#TGW: That's the Spirit!

March 28, 2016

By Jon Cooper | The Good Word

– It’s recruiting season for one of Georgia Tech’s key athletic teams and, on April 2, McCamish Pavilion is going to play a big part in it. The team doing the recruiting is neither the men’s nor women’s basketball team, although both will be somewhat effected. It’s Georgia Tech cheerleading.

With it’s acrobatic routines, Tech cheerleading is a unique group that fires up the crowd and pumps life into the dead time of timeouts. Members of the team rightfully consider themselves athletes, and, as such, are extremely competitive within what is a growing community. Also, like the players in the sports for which they cheer, they can be actively recruited by colleges.

The latter point is the focus on April 2, when McCamish hosts the second annual Southeast Cheerleading Showcase, which features Georgia Tech and 14 other schools from around the region, including rivals Georgia and Clemson.

“It’s one of a kind. Nobody else does it,” said Georgia Tech head cheerleading coach Katie Hodges (Class of 2007), a four-year letter winner for Tech, and an NCA All-American, who is in her fifth year at the helm of Yellow Jackets cheerleading. “It’s a three-hour event and is a pretty cool thing. It’s incredible for Georgia Tech. We are such a good host because the facilities are amazing, and we’re centrally located for all these schools.”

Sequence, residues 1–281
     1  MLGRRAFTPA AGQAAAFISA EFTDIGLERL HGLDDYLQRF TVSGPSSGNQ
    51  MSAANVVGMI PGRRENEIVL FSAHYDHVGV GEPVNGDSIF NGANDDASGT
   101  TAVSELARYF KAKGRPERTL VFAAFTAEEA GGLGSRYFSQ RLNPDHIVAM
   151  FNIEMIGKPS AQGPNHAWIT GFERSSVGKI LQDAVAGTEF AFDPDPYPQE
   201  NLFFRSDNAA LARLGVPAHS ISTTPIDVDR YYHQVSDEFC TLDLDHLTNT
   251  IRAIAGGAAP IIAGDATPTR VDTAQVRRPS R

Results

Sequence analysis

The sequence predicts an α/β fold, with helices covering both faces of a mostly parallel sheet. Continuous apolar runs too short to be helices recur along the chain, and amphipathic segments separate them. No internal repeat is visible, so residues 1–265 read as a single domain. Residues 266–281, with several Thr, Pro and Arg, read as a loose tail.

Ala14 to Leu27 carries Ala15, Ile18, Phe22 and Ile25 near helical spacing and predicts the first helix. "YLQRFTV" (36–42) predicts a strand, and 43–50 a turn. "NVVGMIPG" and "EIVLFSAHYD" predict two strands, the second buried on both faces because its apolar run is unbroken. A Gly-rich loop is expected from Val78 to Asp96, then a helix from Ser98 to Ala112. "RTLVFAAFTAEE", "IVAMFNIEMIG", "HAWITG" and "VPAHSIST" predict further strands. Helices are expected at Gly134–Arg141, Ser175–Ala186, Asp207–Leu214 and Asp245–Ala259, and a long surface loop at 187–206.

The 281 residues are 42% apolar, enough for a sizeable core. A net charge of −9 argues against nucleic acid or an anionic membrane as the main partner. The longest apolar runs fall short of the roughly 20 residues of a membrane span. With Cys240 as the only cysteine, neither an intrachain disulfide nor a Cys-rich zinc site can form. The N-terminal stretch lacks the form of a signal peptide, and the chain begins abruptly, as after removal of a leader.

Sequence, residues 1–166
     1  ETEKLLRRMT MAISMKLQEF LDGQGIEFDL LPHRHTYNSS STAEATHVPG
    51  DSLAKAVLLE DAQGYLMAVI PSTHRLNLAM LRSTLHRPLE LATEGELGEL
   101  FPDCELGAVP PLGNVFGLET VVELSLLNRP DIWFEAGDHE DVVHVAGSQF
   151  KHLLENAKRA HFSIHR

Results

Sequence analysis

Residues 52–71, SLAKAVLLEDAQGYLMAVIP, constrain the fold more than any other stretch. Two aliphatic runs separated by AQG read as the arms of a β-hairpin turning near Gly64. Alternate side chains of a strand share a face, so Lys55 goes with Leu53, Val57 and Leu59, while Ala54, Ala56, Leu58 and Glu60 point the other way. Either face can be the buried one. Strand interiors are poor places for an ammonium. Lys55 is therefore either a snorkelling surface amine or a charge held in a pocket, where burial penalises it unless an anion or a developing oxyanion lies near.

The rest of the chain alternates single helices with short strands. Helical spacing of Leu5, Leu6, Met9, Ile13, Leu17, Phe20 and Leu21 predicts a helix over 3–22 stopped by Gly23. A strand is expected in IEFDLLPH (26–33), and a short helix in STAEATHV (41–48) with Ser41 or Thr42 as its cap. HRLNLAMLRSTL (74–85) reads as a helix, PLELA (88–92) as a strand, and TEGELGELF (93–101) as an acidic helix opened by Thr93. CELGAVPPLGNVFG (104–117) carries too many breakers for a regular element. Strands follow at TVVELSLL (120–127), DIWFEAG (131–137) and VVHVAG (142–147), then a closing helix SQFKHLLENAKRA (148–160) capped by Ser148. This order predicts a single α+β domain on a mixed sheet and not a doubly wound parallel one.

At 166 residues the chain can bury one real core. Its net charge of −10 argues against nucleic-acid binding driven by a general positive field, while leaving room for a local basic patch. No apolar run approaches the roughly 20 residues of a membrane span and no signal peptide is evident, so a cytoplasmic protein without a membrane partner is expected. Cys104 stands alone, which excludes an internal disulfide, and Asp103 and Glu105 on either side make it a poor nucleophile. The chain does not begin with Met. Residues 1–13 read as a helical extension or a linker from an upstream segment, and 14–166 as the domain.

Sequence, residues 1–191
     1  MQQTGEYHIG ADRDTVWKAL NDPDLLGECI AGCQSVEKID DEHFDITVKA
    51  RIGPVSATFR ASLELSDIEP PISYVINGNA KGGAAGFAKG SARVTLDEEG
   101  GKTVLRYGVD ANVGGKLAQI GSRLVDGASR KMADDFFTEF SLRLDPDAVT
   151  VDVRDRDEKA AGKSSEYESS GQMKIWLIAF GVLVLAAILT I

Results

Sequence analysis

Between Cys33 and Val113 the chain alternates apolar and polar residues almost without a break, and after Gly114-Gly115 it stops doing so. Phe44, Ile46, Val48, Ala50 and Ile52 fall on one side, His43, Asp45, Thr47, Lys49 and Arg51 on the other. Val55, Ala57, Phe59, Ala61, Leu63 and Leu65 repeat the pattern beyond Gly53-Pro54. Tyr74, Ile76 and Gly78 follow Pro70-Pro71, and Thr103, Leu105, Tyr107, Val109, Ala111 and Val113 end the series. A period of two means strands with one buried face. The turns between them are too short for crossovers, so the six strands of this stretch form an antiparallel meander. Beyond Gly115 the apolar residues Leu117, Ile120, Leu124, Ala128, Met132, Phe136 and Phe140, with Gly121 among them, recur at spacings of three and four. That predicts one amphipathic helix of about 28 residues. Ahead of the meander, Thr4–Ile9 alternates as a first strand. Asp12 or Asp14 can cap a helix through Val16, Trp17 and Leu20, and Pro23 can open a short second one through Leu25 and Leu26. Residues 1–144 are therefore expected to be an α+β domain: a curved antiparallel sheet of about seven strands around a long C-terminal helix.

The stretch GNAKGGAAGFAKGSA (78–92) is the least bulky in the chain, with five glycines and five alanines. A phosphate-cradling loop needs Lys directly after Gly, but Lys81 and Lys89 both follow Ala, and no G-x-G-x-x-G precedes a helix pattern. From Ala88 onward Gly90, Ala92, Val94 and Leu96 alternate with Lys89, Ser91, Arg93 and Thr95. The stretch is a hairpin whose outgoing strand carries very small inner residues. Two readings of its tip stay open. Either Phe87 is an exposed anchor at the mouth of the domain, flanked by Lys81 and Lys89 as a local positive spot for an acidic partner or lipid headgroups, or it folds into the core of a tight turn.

Tickets are $15 at the door (entry is free with a Buzz card), with competition beginning at noon.

Hodges considers it a win-win for everyone.

The Showcase provides the schools a final tune-up leading into next week’s NCA & NDA Collegiate Cheer and Dance Championship, which takes place April 6-10 at Peabody Auditorium in Daytona Beach, Fla., while offering prospective cheerleaders — be they high schoolers or middle schoolers — valuable insight into college cheerleading, first giving them an opportunity to observe the teams, then allowing them to go more in-depth by meeting the coaches at booths in a job fair-like setting on McCamish’s Mezzanine Level.

“What we do is we reach out to college teams from all around the area, and we ask them to perform. It’s a really big recruiting effort for them,” said Hodges. “They put up booths and people can come and meet the head coaches, which is a really big deal. Fifteen squads are performing but 20 teams are going to host booths there.

“We’re not necessarily picking out recruits, which we want for our programs,” she added. “We’re showcasing the personality of each program and what it’s like to cheer there, both from the style of cheerleading that they see in the performance and then also meeting with the coaching staff after the performances.”

This Southeast Cheerleading Showcase is something Hodges wishes she’d had when she went through the process of choosing a college.